MORGANTOWN, W.Va. – It’s known to most Morgantown locals but also attracts those out of the area throughout the year. Not only is it attractive that you can set up a campsite less than a mile away from the trailhead, the entire hike down the Ravens Rock trail is beautiful – especially in the first few weeks of fall.
The trail opens off the access road that takes picnickers and sightseers to the picturesque overlook – the one in all of the Parks and Recreation pamphlets. But if those brochures and tourism put a picture of the view at Ravens Rock, I guarantee you a lot more hikers would be hitting the trail. That’s not to say it’s not popular, it is, but there’s not a better sight of the Cheat River basin in the area.
If you decide to just walk out, take in the view and walk back, it will take you about an hour and a half to make the 2.96-mile roundtrip. It’s smart to wear boots or shoes with good ankle support due to the rocky terrain – especially if it rained a day or two before you hit the trail.
Easily the best time of the day to make the trip is just before sunrise or just before sunset, but due to Coopers Rock State Forest closing shortly after sundown, it’s best to save those times for a day you’re camping. Should you make it out in the early morning in the fall, you’ll see pockets of bright orange and yellow and spires of pine needles poking through the fog resting above the Cheat River, a sight that is hard to beat unless you’re lucky to live high in the hills of the Mountain State.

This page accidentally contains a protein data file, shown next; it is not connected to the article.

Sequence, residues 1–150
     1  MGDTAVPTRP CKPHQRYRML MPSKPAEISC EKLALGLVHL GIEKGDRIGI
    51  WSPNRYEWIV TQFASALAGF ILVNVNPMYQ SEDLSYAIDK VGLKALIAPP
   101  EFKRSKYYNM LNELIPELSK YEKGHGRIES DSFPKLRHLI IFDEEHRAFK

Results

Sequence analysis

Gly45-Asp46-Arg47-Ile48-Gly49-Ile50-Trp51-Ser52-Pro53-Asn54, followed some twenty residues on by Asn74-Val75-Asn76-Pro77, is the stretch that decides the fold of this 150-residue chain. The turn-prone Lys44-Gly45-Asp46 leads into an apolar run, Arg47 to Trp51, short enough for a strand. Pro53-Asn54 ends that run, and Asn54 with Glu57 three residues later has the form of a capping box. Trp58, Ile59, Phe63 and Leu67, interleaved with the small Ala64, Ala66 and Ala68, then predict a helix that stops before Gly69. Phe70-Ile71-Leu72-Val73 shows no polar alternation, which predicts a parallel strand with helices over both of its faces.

These views are rarely available, but the full effect is overwhelming from roughly 1,900 feet above sea level. The highest elevation in the trail is the trailhead, sitting at 2,200 feet above sea level meaning the hike to the overlook is relatively easy but the return trip can be a bit challenging.
Should you find yourself full of energy looking for more to do after hiking the Ravens Rock trail, you can veer onto the McCollum Trail (named after the McCollum Campground it starts at) that intersects with the Nature and Roadside Trails. Plenty of other trails run through the state park, too, including the well-known Henry Clay Iron Furnace Trail that “takes you on a trip back in time” according to the official West Virginia State Park website. In total, there are 50 miles of trails that snake the forest. Bikers, cross country skiers, geocachers and hunters, can take advantage of the vast forest and trail system as well.
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